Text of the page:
Social media 'sadfishing' trend harming children's mental health, but what is it?

Sadfishing can impact mental health. [Photo: Getty]

A new social media trend called ‘sadfishing’ is harming the mental health of children, a new report has warned.

In basic terms sadfishing is when someone posts about an emotional problem in an attempt to attract attention or sympathy from followers.

The Cambridge dictionary defines sadfishing as the practice of writing about one’s unhappiness or emotional problems on social media, especially in a vague way, in order to attract attention and sympathetic responses.

According to experts the craze has been fuelled by celebrities who have been accused of posting exaggerated claims about their emotional problems to generate sympathy and draw clicks onto their sites.

But while people are quick to criticise celebrities for overdoing the sympathy calls, new research has found young people facing genuine distress are often accused of jumping on the bandwagon when they turn to the internet for support.

The new study, by Digital Awareness UK (DAUK) found that young people with genuine mental health issues who legitimately seek support online are facing unfair and distressing criticism that they are jumping onto the same publicity seeking bandwagon.

In some cases this rejection can go on to damage teenagers’ already fragile self-esteem, with some reporting that they have been bullied as a consequence.

And in extreme examples some are left vulnerable to sexual ‘grooming’ online.

READ MORE: Mental health warning over children as young as two accessing social media

The study, commissioned by the Headmasters’ and Headmistresses’ Conference (HMC), is based on face-to-face interviews with more than 50,000 children aged 11 to 16.

“DAUK is concerned about the number of students who are bullied for sadfishing (through comments on social media, on messaging apps or face-to-face), thus exacerbating what could be a serious mental health problem. We have noticed that students are often left feeling disappointed by not getting the support they need online,” the report says.

“Groomers can also use comments that express a need for emotional support as a platform to connect with young people and gain their trust, only to try and exploit it at a later point,” it continues.

“At a time when young people are forming and shaping their identities, it’s understandable why they would choose to use social media as a platform for gauging opinions from others. However, in doing so, they are of course opening themselves up to abusive comments. In addition, positive feedback can result in increased self-esteem while negative feedback can reduce it.”

But despite the concerning findings, the report notes that youngsters are becoming more tech-savvy and are more likely to manage their own use of technology responsibly.

Chris Jeffery, chairman of the HMC wellbeing working group and headmaster of Bootham School in North Yorkshire, said: "It is encouraging to read of the growing signs of increased control that many young people are taking over their use of technology, but it is also helpful to know new ways in which it is proving to be a burden for them as ."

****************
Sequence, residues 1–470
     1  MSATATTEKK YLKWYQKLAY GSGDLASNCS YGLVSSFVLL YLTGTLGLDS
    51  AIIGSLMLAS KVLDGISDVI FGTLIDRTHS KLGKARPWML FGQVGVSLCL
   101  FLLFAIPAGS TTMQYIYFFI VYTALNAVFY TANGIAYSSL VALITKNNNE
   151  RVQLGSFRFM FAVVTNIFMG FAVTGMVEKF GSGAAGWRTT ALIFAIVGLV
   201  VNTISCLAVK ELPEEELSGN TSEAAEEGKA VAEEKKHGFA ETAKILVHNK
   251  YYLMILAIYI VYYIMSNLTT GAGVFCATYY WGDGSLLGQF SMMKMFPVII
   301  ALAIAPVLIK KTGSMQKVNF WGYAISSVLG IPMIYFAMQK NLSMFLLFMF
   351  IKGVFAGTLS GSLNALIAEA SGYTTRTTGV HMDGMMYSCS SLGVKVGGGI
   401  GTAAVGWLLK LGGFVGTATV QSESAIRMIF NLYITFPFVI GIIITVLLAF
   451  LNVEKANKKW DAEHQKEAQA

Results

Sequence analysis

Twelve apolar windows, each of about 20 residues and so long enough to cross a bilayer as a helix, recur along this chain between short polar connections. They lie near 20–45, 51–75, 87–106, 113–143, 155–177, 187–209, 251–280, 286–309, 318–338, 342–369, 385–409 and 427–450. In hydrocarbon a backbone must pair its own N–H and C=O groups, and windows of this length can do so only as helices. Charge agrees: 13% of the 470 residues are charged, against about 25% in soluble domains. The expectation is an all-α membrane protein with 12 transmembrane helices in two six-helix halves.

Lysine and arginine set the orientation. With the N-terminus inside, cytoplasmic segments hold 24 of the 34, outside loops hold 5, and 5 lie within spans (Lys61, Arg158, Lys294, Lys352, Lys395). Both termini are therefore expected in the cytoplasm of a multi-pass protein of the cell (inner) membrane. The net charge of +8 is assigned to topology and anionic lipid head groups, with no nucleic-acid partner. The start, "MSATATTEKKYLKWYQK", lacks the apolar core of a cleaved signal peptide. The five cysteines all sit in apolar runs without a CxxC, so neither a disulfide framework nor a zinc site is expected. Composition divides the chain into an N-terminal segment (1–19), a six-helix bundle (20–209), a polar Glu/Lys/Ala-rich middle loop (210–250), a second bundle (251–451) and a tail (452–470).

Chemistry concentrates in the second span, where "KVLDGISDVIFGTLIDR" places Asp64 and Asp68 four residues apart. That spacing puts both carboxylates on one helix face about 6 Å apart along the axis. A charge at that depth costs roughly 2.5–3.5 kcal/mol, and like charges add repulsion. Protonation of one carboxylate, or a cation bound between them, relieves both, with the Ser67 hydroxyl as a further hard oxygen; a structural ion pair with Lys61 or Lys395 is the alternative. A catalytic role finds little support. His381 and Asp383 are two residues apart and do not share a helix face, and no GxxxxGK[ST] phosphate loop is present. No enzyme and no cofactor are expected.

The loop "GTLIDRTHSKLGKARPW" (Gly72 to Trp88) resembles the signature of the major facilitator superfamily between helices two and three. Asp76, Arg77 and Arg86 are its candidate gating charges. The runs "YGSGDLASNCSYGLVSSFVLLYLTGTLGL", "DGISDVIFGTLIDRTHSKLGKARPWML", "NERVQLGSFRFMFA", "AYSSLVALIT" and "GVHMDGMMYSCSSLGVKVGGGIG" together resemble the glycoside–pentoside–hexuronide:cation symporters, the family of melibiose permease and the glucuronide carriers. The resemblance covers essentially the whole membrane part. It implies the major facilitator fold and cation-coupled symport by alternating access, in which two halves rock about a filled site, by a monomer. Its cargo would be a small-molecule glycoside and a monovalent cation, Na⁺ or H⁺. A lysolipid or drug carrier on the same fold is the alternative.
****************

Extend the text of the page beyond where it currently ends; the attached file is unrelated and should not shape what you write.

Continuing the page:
Charlotte Robertson, co-founder of DAUK, added: "Over the last year we've seen the digital landscape evolve at such rapid pace - particularly when it comes to the prevalence of data misuse, access to anonymous platforms and increased sharing of upsetting content.

"This has left many parents feeling overwhelmed by how best to empower their children to navigate the online world safely.”

Sadfishing could impact teenagers' mental health [Photo: Getty]

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The report comes as it was revealed last month that teenagers who spend more than three hours a day on social media may be at higher risk of mental health problems.

Findings from 6,595 youngsters aged 12 to 15 in the US found those who used social media more heavily were more likely to report issues such as depression, anxiety and loneliness, as well as aggression and anti-social behaviour, than teenagers who did not use social media.

Late last year a study published by NHS digital revealed that 11-19 year olds who suffer from mental health issues are more likely to use social media every day.

That prompted new guidance suggesting NHS psychiatrists should be encouraged to ask under-18s with mental health issues about their social media usage.

The Royal College of Psychiatrists (RCP) suggests that psychiatrists should ask whether using social media is impacting their school work, sleep, eating habits and general mood.

But further research surrounding the topic of social media use and mental health in teenagers in the summer suggested it is the side effects of social media use, such as lack of sleep, that could present more of a problem.

The findings come from the first major study to analyse how heavy social media use could potentially damage mental health.

The study, published in the Lancet Child and Adolescent Health journal, indicates that while frequent use of social media does appear to be linked to having a negative impact on mental health, the effects are not direct.

Instead researchers suggest it could be down to social media users forgoing other activities, such as sleep and exercise, or that it opens the door to cyberbullying.